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It wasn’t until the next morning that I was told what happened after that and got those slight recollections in third-person. When you don’t know if it actually happened or if it was just a vivid dream. When I woke up I felt sick, but not an actual hangover, and when I moved the sheets to get out of bed there was a medium sized stain of blood by my feet and my left foot felt stiff and sore. Apparently while climbing out of the water I gashed my foot on a rock, this is when I am glad that I was so drunk that I didn’t feel it, or just didn’t remember the pain. Also because I was so drunk I couldn’t put all my clothes back on so another student lent me a towel to tie around my waist and I put back on my cardigan. Because I just got a gash on the ball of my foot and couldn’t walk Teddy gave me a piggyback ride back to the apartment building where I proceeded to puke my guts out after slipping on my sweats, without underwear, and a spaghetti strap shirt.

Naturally, while listening to this, I was mortified and profusely apologized to everyone who had to see me like that. It was the worst night in terms of my drinking and I scaled WAY BACK afterward, even to the point of not drinking at all. So over the next few days, I went out with people, but I didn’t really party too much and I was even a bit apprehensive about going back to the dock area because I was nervous that those guys would still be there. They weren’t, and the rest of the weekend was enjoyable and ended without any more incidents. After hearing more stories from our group I do wish I had stayed out later on other night, more soberly though, so I could’ve watched the sunrise. Sadly, after that week no one wanted to stay out all night again.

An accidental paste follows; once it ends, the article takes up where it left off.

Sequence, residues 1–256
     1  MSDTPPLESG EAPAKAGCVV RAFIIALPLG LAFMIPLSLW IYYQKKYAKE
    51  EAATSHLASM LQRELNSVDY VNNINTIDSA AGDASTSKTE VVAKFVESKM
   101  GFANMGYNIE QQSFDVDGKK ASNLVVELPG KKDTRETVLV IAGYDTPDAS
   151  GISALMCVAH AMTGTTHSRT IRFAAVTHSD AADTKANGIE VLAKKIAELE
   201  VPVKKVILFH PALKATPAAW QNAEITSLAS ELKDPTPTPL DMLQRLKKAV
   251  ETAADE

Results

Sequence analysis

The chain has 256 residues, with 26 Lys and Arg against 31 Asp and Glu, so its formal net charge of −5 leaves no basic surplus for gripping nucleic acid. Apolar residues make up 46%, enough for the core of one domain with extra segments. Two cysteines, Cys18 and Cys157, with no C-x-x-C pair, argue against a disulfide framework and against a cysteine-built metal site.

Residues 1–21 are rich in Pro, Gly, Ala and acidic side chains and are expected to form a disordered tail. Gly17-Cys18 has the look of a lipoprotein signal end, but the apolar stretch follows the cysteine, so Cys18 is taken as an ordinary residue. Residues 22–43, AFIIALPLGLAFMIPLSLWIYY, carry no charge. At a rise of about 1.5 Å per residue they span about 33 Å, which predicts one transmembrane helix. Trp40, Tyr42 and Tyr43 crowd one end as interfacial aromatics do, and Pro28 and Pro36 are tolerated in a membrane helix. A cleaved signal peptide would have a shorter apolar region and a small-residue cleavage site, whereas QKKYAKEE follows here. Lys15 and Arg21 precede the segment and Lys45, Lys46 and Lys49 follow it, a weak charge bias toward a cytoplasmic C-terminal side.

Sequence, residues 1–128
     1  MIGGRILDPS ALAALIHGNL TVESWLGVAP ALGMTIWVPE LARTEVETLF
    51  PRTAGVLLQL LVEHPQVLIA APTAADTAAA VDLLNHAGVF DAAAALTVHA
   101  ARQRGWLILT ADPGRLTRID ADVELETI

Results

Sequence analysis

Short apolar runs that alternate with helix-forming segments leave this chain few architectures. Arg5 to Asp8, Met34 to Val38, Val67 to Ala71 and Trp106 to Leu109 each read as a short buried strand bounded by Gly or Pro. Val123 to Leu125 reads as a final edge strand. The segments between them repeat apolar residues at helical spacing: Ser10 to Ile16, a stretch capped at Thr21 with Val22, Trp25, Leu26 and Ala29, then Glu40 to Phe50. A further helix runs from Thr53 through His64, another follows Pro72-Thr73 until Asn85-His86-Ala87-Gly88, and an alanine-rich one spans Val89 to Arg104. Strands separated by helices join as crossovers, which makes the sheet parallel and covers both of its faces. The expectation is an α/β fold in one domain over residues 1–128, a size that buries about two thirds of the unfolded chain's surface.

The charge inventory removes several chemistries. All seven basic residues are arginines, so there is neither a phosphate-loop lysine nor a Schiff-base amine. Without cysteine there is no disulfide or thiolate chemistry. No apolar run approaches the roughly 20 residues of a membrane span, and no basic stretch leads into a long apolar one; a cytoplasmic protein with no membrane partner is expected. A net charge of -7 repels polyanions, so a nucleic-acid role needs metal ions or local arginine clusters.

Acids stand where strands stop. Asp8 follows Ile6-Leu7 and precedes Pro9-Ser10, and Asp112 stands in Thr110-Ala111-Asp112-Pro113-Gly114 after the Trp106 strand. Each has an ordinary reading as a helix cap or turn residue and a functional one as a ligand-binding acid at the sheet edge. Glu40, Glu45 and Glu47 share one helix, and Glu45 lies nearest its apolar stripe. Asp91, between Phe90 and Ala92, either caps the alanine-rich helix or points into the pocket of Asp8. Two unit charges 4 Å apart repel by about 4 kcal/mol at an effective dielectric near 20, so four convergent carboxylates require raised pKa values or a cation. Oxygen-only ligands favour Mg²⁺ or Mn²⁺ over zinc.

When Monday came everyone had to get back to his or her normal lives and all the evidence of the weeklong party was gone. The roads were suddenly spotless overnight. With not even a speck of shattered nut or speck of sawdust was left on any road. I couldn’t help but marvel at all the work that goes into this festival every year, and how they’ve already been doing it for centuries. The end of it reminds me of a reset button, or a ‘what happens in Vegas stays in Vegas’ type of a thing. It doesn’t matter what you do, as long as you learn from it, because everything can be washed clean.

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The Knights of the Pomada and Sheep

How many cultures around the world celebrate with sheep decoration and alcohol? No, seriously, I’m asking. It would seem that the festival of Sant Joan de Ciutadella on the island of Menorca is not a singular event in the world, especially because it came from Pagan festivals and then incorporated Medieval traditions and Christianity, but they sure do make it all their own.